Saturday Afternoon Movies 2


Bullets, bandits, and ballad-singing gents; sidekicks, stagecoaches, and sweet-talking heroines all combined to create captivating chronicles filled with rolling dust, sweaty horses and on occasion, unreciprocated affection. Let's return for more remembrances about movie houses of the past.

When an admission ticket was presented to the usher, he tore it in half, deposited part into a locked box, and returned the remaining portion. Sometime during the afternoon, prizes were awarded, so you always kept your ticket stub. In the evening, attendants carrying flashlights escorted people into the theatre, but on Saturday, we chose our seats, that is, after pausing a moment inside the entranceway while our eyes adjusted to the darkness.

Adults rarely attended the Saturday matinee therefore the entertainment was geared toward adolescents and teenagers. The first offering was a movie reel featuring current events, followed by the coming attractions. Sometimes the clips were so frightening that I clamped my eyes shut until David promised that the worst part had concluded. There was an advertisement about the irresistible specials offered at the concession stand, and for several years there was a commercial featuring our family owned business.

If the projected light-beam was angled just right, you saw wisps of blue smoke in the reflection. When you heard that familiar flop, flop, flop noise coming from the projection booth, you knew to be patient while they repaired and re-winded the film.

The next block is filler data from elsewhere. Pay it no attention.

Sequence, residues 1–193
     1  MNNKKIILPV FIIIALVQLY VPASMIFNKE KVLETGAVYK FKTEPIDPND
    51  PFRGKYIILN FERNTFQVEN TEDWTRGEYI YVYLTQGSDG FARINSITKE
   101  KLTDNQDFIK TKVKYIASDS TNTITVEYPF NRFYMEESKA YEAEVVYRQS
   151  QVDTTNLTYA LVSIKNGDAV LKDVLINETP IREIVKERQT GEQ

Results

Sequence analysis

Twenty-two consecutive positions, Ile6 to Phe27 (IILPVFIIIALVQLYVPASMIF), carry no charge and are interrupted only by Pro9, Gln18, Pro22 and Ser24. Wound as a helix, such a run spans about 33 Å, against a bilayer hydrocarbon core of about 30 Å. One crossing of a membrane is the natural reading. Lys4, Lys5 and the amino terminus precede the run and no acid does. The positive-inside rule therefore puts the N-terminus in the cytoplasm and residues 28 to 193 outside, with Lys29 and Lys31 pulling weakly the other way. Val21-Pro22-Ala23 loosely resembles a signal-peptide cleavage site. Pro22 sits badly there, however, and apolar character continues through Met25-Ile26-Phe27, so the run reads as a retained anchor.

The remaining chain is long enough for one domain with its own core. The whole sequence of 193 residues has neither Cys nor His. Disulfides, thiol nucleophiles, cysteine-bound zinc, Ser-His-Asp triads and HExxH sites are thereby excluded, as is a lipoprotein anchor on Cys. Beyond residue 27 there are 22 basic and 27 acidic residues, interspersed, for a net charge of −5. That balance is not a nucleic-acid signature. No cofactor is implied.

Our favorite presentations were serial short stories starring either Flash Gordon or Buck Rogers; it was our first exposure to science fiction cinema. Once the black and white serialized adventure concluded, you were treated to a Technicolor cartoon.

The immense structured building was ancient and the interior appeared grimy. The edges of the colossal screen were encased with over-sized, and faded red, heavy velvet drapes. Although youngsters weren't allowed to examine the stage, we understood that the curtains were filled with the odor of stale tobacco smoke, and contaminated with musty smelling dust.

The metal framed wooden chairs, complete with armrests, had curved backs and bottoms that folded up when not in use. In our theater, the rigid chairs had no cushions. Both of the slanted aisles were covered with well-worn and stained carpet, and the concrete sections under the seats were littered with trash and the floor was everlastingly sticky.

We enjoyed attending a movie on Saturday but I bet seeing it in daylight would truly be a frightening experience. Even so, in Richland, it was a heartbreaking day when the marquee was removed and the movie-house closed forever.

 

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